Switch It Up


Words by Sophia Markoulakis

Photos by Elements in Design

Words by Sophia Markoulakis 

Marketing pioneer Philip Kotler once said, “A good company offers excellent products and services. A great company offers excellent products and services but also strives to make the world a better place.” Redwood Shores-based Penny Chin, who began her interior design career in 1982, applies this sentiment every day. She helps her clients transform their homes with the knowledge and patience of someone who has executed hundreds of projects.

Penny’s firm, Elements in Design, has a grasp on the numbers, expectations and realistic time frames of a project—whether it’s Bing Crosby’s Hillsborough estate, former Oakland As player Rickey Henderson’s homes in Hillsborough and Las Vegas or a first-time homebuyer.

Penny’s holistic path to design began as a young girl in New York where she would accompany her parents to open house tours and then doodle floor plans for fun. Years (and many doodles later), Penny had intentions to study architecture, but she married and decided to focus on her growing family instead. In 1972, she and her family moved to San Bruno and rented a home. Not long after, Hillsborough became their permanent residency.

One day, while sitting in her kitchen, reflecting that her children were in school all day, Penny asked herself what she wanted to do with her life. She had used an interior designer for her own home and recalls thinking, “Well, maybe now is the time to explore this interest.” Especially drawn to kitchen design, she quickly realized it could be a timely pursuit. “Come to find out,” she says, “no one in the early ’80s was doing it.”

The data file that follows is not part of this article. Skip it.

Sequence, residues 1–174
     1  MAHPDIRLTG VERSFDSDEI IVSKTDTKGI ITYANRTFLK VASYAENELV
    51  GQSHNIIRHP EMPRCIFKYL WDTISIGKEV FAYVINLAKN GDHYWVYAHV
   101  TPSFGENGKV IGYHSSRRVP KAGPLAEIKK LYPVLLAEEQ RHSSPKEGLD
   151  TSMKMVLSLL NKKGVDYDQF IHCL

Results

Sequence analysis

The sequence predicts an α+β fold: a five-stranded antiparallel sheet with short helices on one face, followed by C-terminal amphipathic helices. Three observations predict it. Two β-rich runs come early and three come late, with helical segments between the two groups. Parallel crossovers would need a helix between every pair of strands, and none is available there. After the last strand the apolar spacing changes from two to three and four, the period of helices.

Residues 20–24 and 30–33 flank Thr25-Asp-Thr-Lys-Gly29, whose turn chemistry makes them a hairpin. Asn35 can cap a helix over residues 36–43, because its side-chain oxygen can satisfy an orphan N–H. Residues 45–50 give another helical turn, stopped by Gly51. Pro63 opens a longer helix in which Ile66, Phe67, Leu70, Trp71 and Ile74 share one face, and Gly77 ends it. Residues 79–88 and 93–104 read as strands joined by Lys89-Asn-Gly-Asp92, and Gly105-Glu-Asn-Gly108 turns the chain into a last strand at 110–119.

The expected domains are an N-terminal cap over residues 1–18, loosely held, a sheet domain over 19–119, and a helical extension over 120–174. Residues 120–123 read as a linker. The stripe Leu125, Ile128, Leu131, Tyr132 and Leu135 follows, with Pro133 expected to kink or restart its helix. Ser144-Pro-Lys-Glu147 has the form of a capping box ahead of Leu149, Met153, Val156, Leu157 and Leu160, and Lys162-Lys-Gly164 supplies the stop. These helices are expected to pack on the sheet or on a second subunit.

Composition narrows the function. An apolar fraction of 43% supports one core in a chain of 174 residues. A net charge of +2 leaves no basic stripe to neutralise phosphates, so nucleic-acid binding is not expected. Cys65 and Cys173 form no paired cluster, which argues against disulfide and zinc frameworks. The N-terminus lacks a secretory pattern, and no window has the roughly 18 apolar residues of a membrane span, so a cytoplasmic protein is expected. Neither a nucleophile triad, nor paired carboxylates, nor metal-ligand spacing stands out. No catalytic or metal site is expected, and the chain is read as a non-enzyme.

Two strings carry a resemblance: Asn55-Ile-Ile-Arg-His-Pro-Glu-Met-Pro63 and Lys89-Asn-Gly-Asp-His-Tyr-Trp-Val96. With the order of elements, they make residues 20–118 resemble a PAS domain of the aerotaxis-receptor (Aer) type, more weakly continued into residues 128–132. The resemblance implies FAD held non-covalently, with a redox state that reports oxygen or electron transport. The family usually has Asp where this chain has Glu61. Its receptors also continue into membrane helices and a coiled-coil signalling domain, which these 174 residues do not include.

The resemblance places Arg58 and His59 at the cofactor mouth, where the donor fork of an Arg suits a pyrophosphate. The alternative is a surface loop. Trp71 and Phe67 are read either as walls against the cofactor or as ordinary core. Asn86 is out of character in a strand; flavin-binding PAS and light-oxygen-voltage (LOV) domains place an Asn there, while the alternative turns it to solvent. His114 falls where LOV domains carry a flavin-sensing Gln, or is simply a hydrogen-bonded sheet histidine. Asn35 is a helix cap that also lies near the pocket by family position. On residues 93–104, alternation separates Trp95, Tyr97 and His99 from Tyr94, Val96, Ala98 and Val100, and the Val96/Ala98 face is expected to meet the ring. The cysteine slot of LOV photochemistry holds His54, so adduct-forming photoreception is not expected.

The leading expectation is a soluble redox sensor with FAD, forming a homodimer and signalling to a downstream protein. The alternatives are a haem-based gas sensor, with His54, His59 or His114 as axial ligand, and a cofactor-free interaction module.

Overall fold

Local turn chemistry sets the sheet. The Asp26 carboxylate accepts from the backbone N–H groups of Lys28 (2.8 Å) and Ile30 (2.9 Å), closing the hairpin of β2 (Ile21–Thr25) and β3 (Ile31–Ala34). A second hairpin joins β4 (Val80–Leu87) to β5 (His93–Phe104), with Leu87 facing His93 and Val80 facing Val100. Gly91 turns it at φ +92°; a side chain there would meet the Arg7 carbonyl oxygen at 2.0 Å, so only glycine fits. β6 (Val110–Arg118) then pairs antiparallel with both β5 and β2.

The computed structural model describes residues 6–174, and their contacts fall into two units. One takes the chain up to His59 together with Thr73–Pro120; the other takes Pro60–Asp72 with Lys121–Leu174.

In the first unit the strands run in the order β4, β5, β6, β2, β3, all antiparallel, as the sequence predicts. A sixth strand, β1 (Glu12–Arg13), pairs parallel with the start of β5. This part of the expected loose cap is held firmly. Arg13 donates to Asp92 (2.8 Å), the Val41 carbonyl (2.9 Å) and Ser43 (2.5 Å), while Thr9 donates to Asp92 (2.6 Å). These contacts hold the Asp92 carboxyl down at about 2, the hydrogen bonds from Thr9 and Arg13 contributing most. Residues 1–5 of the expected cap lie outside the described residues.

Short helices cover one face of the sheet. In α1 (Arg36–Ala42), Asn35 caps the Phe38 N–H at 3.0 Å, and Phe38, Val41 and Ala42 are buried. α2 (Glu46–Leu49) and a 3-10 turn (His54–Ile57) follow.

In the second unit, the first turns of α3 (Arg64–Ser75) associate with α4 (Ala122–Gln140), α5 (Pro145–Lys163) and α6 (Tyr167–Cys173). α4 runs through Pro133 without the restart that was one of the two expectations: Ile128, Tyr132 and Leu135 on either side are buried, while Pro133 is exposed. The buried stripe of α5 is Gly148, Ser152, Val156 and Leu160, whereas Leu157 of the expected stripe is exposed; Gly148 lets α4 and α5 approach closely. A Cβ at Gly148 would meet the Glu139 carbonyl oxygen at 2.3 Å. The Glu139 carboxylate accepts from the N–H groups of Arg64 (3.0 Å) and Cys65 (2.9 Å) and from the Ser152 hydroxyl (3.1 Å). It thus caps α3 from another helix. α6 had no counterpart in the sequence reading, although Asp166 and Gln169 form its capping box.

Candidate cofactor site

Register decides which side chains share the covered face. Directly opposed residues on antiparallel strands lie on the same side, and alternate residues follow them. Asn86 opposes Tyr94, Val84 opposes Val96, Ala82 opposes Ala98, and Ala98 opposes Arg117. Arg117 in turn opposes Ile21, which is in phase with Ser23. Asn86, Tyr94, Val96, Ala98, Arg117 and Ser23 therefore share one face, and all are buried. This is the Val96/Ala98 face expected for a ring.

After Penny earned a degree in interior design, she specialized in kitchens, but after a while, she learned about commercial design and realized that it was a better fit for her lifestyle. “Residential clients wanted me to be available on nights and weekends, but commercial clients needed availability during the weekdays, which worked better for raising five children,” she recounts. Some of her larger clients (like IBM and Disneyland) required spatial design plans and Penny excelled at them. She also dabbled in restaurant design, a niche that she describes as a “puppet show,” where the audience is the diner and anything is possible. Yet, she continued to keep one foot in the residential world, believing that it was where she could make the biggest impact.

“Every skill I gleaned from my commercial and restaurant clients is used with my residential clients,” she came to realize. “I’ve installed slat walls, where retailers hang hooks to display merchandise, in the kitchen for clients to hang their prized pots and in the pantry for modular storage.” Such functional approaches are key to Penny’s portfolio and design philosophy. “Function always comes first for me. Let’s design for function first, style after,” she says. “Interior designers are more than just color-pickers…we’re spatial problem-solvers.”

With an average of 30 projects a year for 40 years, Penny has seen a wide swath of design quandaries. The firm’s website is filled with examples of transformations, and the Elements in Design team thrives on these projects. “Once we have the vision down,” she notes, “we ask clients to be flexible as we take them on a journey with us.”

Penny is very transparent about budgets and will balk when figures don’t align with the work. One way she works around a client’s budget constraints is to map out a project in phases, tackling design dilemmas that are most critical first. With four different teams of licensed carpenters, plumbers and electricians, she can also match up the best fit and skill sets for each project.

Transformation is a familiar theme for Penny, who’s progressed through three Hillsborough homes with her family before ultimately downsizing to her current residence in Redwood Shores. She enjoys living in a beautiful setting without the maintenance and says she’s not ready for the next transition—retirement—yet. “I can retire at any time,” she reflects. “I’d rather retire while my practice is busy, and I’m still happy working and making the world a better place.”